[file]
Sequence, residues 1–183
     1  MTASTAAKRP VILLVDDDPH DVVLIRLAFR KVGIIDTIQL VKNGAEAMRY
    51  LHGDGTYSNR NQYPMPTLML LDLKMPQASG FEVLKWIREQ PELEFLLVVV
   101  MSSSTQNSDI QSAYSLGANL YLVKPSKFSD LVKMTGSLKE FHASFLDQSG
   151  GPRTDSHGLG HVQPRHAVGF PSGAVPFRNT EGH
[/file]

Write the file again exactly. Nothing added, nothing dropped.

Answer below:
Sequence, residues 1–183
     1  MTASTAAKRP VILLVDDDPH DVVLIRLAFR KVGIIDTIQL VKNGAEAMRY
    51  LHGDGTYSNR NQYPMPTLML LDLKMPQASG FEVLKWIREQ PELEFLLVVV
   101  MSSSTQNSDI QSAYSLGANL YLVKPSKFSD LVKMTGSLKE FHASFLDQSG
   151  GPRTDSHGLG HVQPRHAVGF PSGAVPFRNT EGH